Due to all the guidelines truckers and trucking companies follow, they’ll have specialized training in these areas. They will also get trained on the cargo they’re hauling.

Commercial truck drivers should carry a CDL license. There are different classifications for a CDL based on the truck’s size. There are special endorsements on a CDL depending on what type of vehicle it is.

These endorsements mean the CDL holder has training in this field (ex. hazardous material or charter bus driving). In an accident, one of the first things a lawyer does is verify the driver holds correct licenses and certifications.

For example, if the driver doesn’t have a T endorsement but was operating a double-trailer that hit you, they weren’t qualified for that load and the trucking company may be liable.

Even in extreme situations, like terrible car accidents that result in death, you’re only dealing with the other driver and their insurance company. In a crash involving a tractor-trailer, you have many parties involved.

Depending on who the driver is and where he/she works, the owner of the trucking company could also be liable. Under FMCSR guidelines, the truck (tractor) and trailer are separate entities. As such, the truck and trailer aren’t always owned by the same company.

Sometimes, the owner of the haul or trailer could be at fault. Most often, drivers don’t load the trailers. Shippers or loaders handle the cargo including loading and offloading it from the trailer.

If the cargo is at fault, freight forwarders, warehouse workers, brokers, and shippers are open to liability. Maintenance and repair shops can also be liable if their faulty or improper work it to blame.

6. Medical Bills are Higher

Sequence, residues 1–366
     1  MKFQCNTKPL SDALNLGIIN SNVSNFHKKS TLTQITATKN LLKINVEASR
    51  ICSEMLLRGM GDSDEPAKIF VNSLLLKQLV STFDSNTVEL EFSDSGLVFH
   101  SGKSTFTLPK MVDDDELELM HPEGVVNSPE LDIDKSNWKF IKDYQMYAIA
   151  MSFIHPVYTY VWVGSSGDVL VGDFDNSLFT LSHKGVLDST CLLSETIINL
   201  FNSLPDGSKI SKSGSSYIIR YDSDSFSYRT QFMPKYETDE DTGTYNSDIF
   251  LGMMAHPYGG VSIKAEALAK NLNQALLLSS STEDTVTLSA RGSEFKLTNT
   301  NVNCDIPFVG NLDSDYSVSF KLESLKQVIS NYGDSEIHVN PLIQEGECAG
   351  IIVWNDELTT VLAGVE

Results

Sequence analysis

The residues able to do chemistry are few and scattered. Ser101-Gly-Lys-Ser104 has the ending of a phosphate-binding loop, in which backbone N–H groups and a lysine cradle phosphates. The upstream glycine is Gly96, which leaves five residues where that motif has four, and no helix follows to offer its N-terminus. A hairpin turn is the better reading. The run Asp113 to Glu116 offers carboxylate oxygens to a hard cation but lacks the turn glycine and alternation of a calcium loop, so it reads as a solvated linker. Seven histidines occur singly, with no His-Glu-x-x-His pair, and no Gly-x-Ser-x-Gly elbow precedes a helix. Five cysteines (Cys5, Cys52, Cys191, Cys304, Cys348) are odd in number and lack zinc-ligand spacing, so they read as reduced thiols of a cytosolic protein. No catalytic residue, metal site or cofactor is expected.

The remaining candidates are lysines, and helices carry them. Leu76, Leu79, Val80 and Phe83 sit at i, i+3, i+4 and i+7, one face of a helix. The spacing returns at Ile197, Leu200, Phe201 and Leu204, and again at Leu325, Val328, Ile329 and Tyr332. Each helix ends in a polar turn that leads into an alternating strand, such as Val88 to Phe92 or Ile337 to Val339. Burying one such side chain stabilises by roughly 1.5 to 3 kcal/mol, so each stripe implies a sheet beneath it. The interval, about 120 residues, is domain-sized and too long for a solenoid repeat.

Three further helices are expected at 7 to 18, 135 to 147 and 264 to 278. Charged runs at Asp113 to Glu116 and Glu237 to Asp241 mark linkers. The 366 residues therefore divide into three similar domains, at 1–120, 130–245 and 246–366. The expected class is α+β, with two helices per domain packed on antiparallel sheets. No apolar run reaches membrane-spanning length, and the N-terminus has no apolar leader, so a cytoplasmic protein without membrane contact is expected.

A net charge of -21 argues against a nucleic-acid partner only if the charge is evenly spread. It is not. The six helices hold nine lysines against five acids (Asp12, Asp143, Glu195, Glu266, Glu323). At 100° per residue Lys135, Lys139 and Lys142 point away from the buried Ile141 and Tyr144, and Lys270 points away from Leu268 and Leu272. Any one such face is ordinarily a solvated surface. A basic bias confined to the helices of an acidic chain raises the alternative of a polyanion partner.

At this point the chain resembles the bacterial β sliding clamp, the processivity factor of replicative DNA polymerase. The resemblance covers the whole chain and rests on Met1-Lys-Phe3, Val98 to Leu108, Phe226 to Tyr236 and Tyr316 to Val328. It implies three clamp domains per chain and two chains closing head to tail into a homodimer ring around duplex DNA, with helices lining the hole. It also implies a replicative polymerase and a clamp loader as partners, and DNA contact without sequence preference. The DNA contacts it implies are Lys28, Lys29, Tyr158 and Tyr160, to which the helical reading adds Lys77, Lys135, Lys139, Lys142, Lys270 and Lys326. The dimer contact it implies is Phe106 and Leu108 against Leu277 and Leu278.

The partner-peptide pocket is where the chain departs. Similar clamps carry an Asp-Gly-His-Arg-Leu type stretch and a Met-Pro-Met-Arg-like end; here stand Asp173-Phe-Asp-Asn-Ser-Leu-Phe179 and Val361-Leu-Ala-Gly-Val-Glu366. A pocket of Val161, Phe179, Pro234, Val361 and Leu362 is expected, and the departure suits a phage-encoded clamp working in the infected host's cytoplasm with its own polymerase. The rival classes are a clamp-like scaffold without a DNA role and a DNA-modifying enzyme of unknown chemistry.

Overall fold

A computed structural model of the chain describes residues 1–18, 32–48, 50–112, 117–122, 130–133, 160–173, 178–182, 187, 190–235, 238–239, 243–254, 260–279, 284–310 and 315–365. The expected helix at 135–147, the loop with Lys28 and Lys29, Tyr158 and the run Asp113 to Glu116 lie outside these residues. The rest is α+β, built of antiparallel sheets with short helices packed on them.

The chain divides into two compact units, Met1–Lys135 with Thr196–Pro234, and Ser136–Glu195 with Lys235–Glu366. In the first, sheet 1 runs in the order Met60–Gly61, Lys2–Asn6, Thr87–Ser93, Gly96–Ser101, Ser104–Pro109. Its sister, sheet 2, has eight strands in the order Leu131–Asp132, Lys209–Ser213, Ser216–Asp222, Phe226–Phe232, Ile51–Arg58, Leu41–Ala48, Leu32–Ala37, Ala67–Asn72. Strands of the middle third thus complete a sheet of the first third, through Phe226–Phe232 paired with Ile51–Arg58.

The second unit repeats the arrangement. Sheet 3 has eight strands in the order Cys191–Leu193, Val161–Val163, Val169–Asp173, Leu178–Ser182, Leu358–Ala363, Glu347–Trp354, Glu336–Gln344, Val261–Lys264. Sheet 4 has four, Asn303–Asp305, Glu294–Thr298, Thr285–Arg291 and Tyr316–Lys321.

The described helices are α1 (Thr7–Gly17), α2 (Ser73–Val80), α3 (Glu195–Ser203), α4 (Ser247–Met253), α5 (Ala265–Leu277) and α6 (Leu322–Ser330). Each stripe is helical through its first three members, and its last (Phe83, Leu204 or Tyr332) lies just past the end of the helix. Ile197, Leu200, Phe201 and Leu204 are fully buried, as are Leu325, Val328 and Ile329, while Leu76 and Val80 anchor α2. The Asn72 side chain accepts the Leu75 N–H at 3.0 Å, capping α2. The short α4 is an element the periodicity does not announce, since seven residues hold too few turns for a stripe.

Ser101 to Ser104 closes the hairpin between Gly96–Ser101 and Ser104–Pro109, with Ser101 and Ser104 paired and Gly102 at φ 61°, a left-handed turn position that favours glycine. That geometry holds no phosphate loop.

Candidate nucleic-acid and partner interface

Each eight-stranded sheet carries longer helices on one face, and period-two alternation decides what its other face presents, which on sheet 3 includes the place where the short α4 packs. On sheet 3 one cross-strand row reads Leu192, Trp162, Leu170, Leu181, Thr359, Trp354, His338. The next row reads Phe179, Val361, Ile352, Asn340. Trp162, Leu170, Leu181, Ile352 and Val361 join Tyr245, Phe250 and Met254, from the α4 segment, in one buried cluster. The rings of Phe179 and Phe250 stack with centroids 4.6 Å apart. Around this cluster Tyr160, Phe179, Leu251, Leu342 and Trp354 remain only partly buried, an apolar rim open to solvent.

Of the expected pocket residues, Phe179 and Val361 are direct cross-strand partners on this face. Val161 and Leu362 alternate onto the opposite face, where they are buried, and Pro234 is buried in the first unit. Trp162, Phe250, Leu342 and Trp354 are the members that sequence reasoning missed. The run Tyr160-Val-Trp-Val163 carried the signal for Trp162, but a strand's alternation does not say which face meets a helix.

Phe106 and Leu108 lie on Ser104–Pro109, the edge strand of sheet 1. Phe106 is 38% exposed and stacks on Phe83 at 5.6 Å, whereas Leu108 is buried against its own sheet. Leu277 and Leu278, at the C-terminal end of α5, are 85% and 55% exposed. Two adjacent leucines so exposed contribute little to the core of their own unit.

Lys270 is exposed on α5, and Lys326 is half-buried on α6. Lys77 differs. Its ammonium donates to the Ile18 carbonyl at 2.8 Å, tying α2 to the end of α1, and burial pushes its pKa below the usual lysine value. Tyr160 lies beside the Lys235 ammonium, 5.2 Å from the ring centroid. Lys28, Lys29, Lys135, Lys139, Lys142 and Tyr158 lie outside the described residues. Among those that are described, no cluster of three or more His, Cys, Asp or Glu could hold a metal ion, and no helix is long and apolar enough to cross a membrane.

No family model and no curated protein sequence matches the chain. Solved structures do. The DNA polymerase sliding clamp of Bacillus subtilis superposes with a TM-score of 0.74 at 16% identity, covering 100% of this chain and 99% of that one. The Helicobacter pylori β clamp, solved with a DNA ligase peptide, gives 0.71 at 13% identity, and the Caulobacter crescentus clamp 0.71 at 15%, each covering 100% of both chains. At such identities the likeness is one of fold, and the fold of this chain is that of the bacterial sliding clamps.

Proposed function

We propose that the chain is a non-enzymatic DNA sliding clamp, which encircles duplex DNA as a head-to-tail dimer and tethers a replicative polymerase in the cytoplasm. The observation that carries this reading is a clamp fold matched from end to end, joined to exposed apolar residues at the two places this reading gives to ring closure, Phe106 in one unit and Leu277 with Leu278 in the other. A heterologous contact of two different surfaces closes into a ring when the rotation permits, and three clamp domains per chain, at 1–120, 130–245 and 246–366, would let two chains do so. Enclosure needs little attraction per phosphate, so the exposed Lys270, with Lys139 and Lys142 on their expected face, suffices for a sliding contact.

A large part of the compensation involves the injuries you suffered and how much they cost you. Because a semi causes more damage than a passenger car, it stands to reason that the medical bills are higher.

7. Compensation is Greater

This is a bit of a no-brainer, but because the medical bills are higher, the compensation amount you’re seeking will be higher. Depending on your case, you may get awarded property damages.

If you miss work for an extended period of time or lose your job as a result of the accident, you may receive compensation for the loss of income. An experienced personal injury attorney will know how to calculate all your damages and financial losses to get you the most compensation possible.

Lawyers, Like Accidents, Are Not Equal

The same way car vs. truck accidents cause different results than a car vs. car accident, different states have different laws regarding these accidents.

Here in Illinois, the Rules of the Road can be tricky. Chicago has its own ordinances regarding trucks, cars, motorcycles, and bicycles, so you need a lawyer who understands these differences inside and out.

If you’re ever involved in a car accident involving a large truck, contact the Law Offices of Scott D. DeSalvo. Our testimonials prove you can like and trust your lawyer.

Visit our FAQ section to learn more about Mr. DeSalvo’s ethical philosophy when it comes to practicing law. Contact Mr. DeSalvo to schedule your free consultation today.